Warning: Spoilers for the whole season!
The concept of a “television series” and “web series” and “tv short” are starting to meld together. Dramaworld, a production for Viki.com that’s a co-production alongside China’s Jetavana Entertainment, Korea’s EnterMedia Contents and the US’s Third Culture Contents. But it’s meant for a website and not TV, but it’s now on Netflix. So is it a TV show? It’s in episodic form, but then Netflix originals are seen as television shows and Netflix is just a big website. Netflix shows have flexible running times and so does this, they’re just a little shorter. But in terms of reviewing, the fact that it’s episodic content is the reason why it’s being reviewed on here.
So what is Dramaworld? It’s a comedy-drama in which Claire, a young American college student (Liv Hewson) is somehow sucked into the current K-drama that she’s watching. It helps that she’s absolutely addicted to Korean dramas and is currently hooked on Taste of Love – in which a young sous-chef (Bae Noo-ri) falls in love with the head chef (Sean Dulake) and he’s perused by his childhood friend. But Claire’s presence messes up the actual narrative and starts spiralling relationships out of control. The leading man is now having conflicting feelings for Claire, there are characters being murdered in a show where there shouldn’t be murders and the whole nature of Dramaworld (the world where the K-Dramas exist) is threatened. Claire is brought in as a “Facilitator” of drama, alongside Seth (Justin Chon) to act as extras to help the plot move along.
From the get-go, the thing that appeals to me is the chance to try and make fun and celebrate tropes that exist in television. Whilst a lot of the appeal of the Korean aspect is lost on me (there’s many cameos from famous Korean actors and actresses that went over my head), moments when the rules of TV are adhered to and played with are quite funny and lead to some interesting story-telling moments later on. Moments like women not being able to fall without being caught and saving someone’s life means falling in love is played on quite a bit for dramatic tension and humour, as is karaoke as a device to stall the leading man. It allows for a little bit more exciting tension when watching the series. The creative decision to make the overall villain another Facilitator is an interesting one, as it allows for the further rules and conventions of drama to be broken and doesn’t gives Claire an advantage as she’s pitted against someone who knows more about what’s happening than she does.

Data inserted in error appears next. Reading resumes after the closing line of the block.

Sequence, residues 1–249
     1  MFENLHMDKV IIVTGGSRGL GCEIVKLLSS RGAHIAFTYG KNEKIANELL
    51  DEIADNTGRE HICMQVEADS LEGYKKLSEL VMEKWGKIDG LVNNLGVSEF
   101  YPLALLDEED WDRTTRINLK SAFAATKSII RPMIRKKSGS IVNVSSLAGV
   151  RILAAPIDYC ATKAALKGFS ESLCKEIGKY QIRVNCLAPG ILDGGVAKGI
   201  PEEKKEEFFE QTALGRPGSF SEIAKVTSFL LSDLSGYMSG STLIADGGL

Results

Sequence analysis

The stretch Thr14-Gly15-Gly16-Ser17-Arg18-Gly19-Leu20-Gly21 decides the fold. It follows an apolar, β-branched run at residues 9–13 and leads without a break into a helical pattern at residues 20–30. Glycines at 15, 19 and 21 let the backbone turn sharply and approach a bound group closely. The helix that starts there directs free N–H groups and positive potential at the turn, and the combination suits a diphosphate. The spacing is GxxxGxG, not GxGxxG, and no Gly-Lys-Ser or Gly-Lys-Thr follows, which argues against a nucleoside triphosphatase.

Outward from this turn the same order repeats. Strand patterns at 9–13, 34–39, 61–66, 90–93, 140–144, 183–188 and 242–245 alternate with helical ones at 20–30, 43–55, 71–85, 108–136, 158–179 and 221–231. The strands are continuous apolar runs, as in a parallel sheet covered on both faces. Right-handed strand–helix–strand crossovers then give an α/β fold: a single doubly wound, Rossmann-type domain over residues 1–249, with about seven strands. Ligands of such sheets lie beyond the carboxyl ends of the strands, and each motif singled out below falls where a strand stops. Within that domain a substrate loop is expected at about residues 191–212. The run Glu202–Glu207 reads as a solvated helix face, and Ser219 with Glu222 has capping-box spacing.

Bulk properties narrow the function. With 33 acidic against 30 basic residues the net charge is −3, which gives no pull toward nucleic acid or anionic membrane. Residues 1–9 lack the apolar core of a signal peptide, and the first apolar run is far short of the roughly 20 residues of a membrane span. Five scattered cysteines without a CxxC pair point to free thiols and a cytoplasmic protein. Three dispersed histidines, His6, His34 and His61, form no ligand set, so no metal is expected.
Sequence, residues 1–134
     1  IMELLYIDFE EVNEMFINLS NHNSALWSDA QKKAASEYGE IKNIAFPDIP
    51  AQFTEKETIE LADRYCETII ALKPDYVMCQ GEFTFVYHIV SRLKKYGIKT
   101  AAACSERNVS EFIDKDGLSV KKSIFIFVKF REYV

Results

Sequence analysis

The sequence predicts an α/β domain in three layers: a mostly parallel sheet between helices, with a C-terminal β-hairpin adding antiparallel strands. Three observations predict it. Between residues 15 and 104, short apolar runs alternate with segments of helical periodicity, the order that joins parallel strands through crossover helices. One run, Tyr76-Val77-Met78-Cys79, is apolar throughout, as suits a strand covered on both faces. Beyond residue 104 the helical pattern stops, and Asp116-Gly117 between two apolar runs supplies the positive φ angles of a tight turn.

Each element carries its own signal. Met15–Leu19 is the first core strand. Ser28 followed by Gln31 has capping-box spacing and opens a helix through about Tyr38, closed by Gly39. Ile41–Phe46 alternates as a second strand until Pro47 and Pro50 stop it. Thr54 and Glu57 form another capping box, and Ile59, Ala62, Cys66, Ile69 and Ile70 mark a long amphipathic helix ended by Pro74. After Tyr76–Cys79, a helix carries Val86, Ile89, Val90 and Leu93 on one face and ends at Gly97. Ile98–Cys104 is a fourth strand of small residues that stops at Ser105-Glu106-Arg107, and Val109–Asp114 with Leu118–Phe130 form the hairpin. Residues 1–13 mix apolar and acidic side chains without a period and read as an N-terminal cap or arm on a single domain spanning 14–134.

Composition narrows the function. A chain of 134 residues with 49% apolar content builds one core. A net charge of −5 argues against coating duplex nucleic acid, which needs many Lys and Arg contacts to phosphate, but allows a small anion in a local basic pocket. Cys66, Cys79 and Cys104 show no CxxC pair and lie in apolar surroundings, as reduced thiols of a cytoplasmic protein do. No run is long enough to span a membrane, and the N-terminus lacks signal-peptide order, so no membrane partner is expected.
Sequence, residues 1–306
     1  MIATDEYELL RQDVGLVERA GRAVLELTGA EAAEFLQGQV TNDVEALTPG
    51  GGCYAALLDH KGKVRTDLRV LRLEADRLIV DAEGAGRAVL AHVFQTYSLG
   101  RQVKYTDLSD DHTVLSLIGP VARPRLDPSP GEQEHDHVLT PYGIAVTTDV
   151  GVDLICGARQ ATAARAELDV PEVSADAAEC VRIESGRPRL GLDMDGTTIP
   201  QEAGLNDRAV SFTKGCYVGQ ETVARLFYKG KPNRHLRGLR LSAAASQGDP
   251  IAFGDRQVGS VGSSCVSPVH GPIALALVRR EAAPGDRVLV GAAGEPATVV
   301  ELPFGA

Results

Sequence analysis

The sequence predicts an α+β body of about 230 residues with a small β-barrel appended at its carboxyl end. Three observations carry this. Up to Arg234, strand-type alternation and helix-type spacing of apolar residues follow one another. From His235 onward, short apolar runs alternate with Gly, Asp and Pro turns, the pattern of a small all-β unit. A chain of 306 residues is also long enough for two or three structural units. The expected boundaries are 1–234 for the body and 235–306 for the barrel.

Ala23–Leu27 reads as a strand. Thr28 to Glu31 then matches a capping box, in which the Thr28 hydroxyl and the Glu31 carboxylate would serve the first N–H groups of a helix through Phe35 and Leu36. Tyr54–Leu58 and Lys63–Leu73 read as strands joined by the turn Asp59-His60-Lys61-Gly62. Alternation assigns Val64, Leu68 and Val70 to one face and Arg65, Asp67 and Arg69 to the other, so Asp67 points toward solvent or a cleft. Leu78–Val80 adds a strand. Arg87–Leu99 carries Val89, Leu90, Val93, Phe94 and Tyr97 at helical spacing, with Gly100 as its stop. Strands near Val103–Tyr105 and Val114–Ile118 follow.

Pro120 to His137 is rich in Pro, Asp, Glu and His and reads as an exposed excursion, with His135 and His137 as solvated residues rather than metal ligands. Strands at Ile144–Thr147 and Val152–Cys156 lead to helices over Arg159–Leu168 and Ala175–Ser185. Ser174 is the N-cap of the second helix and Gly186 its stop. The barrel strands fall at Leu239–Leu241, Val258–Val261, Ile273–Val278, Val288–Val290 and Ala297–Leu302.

The majority of the Korean cast are playing to type, and aren’t really allowed to grow third dimensions in their characterisation. The odd one out is Sean Dulake, who is described in the series as a list of generic tropes you find in most Korean dramas, but the show manages to start having him break away from all of that as he starts to be more confused and self-aware. This happens near the end of the series, however – so the full potential of this idea isn’t fully capitalised, but it leads to an interesting idea that he’s picking up abilities of previous characters the actor has played. It doesn’t make much sense when you think about it, but it’s certainly fun to watch.
Perhaps a lack of narrative logic and world building is missing throughout all this – and I’ve putting that down to the limited screen time. It’s just so short it’s unbelievable, so concepts that need fleshing out like why Claire is there in the first place and what exactly will happen at the end of the series could have more emphasis or more explanation. It’d mean more fun with the playing with TV Tropes as well, as there were times they could’ve capitalised on this. But perhaps this is something that would’ve worked in a second season, which I hope there is. I also hope the episodes are longer, and that there’s a new genre to lampoon.
Dramaworld is nice to watch, don’t expect anything that will blow you away though. There’s some fun to be had, and if you are aware of Korean culture you’ll get a much better kick out of it in that aspect, but if the idea of messing with TV tropes and the rules of drama intrigue you – there may be enough here for you to stick your teeth into.
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